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Nomura Fixed Income Research

Nomura Fixed Income Research

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Please read the important disclosures and analyst certificationsappearing on the last page.
13 September 2004
Mark Adelson(212) 667-2337madelson@us.nomura.comMichiko Whetten(212) 667-2338mwhetten@us.nomura.comNomura Securities International, Inc.Two World Financial Center Building BNew York, NY 10281-1198Fax: (212) 667-1046
CDOs in Plain English
 A Summer Intern's Letter Home
Dear Mom and Dad,It's now been about a week since I started my summer internship at Nomura Securities. They haveme working on products called "CDOs." The initials stand for the words "collateralized debt obligations." I never heard about CDOs in school, but they seem very interesting. Here's some of what I've learned so far…
I. Introduction
A CDO is similar to a regular mutual fund that buys bonds. However, unlike a mutual fund, most of the securities sold from a CDO are themselves bonds, rather than shares. In simplest terms, a CDOis an arrangement that raises money primarily by issuing its own bonds and then invests theproceeds in a portfolio of bonds, loans, or similar assets. Payments on the portfolio are the mainsource of funds for repaying the CDO's own securities.CDOs have become a notable feature of the financial landscape. CDO issuance in the U.S. hasexceeded $50 billion per year for each of the past six years:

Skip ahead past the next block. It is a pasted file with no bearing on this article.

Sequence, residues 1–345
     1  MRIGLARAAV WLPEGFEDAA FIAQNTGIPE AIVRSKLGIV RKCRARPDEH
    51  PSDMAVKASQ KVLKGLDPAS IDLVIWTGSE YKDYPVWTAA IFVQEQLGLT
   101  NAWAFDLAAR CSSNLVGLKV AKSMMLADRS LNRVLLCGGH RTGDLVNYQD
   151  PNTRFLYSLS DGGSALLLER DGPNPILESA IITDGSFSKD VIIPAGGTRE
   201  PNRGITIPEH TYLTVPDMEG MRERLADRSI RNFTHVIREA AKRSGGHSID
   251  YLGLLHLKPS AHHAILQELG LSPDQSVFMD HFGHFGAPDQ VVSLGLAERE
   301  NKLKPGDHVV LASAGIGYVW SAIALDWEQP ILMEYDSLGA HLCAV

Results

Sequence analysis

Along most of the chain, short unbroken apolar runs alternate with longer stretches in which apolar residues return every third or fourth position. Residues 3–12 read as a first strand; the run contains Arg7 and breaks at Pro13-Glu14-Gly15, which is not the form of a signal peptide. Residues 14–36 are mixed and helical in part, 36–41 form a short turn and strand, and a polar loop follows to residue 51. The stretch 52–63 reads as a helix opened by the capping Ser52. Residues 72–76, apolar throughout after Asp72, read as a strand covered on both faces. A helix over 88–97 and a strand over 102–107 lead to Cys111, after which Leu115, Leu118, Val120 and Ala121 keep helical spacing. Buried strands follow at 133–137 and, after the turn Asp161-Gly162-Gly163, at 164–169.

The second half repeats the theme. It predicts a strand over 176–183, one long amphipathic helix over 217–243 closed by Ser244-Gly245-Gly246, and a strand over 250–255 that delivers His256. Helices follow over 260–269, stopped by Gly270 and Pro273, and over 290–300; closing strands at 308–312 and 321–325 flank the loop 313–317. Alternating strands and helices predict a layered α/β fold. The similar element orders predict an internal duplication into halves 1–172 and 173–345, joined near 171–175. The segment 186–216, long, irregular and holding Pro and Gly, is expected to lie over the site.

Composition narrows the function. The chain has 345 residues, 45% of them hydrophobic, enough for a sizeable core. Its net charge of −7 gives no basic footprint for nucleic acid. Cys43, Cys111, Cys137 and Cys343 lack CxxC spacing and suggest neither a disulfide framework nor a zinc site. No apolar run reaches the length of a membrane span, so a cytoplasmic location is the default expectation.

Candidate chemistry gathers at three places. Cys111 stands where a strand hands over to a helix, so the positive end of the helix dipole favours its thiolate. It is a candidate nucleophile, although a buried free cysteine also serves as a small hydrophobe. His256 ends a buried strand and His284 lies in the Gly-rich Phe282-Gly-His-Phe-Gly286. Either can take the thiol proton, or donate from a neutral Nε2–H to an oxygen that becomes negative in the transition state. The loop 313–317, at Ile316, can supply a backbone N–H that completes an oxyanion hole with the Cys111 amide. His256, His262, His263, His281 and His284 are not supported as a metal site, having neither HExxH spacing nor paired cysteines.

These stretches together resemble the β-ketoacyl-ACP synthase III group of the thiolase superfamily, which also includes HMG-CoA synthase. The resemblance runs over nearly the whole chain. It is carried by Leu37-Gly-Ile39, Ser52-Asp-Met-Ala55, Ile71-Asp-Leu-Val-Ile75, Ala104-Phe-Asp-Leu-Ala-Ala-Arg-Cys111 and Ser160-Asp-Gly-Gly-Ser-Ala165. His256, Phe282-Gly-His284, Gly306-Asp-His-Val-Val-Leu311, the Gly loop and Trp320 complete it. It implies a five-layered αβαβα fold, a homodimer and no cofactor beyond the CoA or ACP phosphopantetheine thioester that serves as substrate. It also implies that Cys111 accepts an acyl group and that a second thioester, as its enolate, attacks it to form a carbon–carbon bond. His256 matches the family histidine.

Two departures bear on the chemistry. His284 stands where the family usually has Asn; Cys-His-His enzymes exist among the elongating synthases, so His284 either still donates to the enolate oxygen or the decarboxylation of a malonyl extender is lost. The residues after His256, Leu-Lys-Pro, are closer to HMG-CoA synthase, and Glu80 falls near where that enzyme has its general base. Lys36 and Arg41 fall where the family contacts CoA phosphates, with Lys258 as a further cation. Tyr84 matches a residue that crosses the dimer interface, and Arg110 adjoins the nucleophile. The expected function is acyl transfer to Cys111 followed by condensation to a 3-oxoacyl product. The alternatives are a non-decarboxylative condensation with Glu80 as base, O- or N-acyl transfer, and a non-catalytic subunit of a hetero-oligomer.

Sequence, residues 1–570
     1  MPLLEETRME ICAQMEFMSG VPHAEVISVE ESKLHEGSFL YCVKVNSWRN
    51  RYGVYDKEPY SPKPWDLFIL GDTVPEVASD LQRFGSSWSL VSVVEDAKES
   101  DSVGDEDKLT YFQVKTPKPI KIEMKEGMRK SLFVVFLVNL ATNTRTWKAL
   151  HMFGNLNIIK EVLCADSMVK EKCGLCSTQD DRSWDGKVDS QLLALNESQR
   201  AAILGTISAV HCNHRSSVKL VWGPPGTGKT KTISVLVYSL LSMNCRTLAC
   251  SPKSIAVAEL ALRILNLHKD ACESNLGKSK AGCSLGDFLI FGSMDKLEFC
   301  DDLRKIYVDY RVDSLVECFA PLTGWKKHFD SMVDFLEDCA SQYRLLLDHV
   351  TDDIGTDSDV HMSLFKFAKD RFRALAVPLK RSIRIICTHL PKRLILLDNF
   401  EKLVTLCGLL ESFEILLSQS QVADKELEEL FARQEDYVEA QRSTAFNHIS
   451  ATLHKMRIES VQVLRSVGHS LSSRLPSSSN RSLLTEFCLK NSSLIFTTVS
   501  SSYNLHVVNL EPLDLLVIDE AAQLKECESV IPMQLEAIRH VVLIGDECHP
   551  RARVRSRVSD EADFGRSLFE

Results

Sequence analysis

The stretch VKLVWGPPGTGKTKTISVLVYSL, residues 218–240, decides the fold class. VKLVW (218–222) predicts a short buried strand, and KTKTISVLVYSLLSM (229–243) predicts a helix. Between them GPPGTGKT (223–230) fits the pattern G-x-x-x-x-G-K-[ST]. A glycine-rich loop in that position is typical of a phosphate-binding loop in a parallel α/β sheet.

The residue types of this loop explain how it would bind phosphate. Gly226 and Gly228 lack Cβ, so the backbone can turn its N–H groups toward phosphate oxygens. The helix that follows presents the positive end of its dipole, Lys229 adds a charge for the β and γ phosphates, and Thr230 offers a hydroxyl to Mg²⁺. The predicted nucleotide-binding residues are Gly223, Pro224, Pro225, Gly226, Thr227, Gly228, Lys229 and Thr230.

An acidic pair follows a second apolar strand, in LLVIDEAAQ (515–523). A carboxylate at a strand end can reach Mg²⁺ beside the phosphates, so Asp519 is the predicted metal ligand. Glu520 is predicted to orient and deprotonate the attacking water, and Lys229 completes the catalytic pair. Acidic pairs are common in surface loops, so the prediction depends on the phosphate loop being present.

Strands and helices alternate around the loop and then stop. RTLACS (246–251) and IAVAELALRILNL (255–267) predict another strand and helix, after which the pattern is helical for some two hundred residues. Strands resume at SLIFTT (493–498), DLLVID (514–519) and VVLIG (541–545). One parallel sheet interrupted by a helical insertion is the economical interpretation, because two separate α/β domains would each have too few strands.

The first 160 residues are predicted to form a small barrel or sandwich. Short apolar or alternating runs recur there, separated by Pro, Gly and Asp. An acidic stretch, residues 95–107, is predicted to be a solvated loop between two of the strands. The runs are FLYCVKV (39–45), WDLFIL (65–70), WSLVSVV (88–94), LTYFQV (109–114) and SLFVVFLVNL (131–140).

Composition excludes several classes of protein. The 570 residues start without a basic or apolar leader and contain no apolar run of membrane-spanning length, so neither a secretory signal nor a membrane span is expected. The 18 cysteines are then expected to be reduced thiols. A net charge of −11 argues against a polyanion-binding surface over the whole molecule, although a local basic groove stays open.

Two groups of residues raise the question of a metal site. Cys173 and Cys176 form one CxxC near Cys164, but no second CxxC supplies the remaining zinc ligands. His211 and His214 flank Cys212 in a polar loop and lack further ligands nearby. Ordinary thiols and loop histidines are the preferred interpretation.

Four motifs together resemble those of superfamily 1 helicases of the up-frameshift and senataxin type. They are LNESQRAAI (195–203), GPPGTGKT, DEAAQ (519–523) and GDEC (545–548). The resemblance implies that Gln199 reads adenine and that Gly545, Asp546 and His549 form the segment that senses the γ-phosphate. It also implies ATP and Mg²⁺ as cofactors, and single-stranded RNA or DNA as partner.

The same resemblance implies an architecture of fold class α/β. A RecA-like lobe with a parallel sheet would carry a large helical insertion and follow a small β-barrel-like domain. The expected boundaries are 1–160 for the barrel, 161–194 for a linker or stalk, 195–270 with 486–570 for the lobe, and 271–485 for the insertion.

U.S. Rated CDO Issuance (All Types)
($ billions)
Source: Moody's
The CDO area hit a rough patch a few years ago but now it seems to be bouncing back. The wave of  junk bond defaults in 2001 and 2002 stressed the CDO sector because junk bonds composed theunderlying portfolios of many older CDOs. The creators of the older CDOs seem to have over-estimated the diversification in the underlying portfolios. That is, they over-estimated the benefit of having junk bonds from many different companies. Now, however, newer computer models for creating CDOs attempt to reflect diversification more accurately. The jury is still out on whether thenewer models actually work better.
Nomura Fixed Income Research
Nomura Fixed Income Research
Most CDOs have actively managed portfolios. A typical deal has a manager (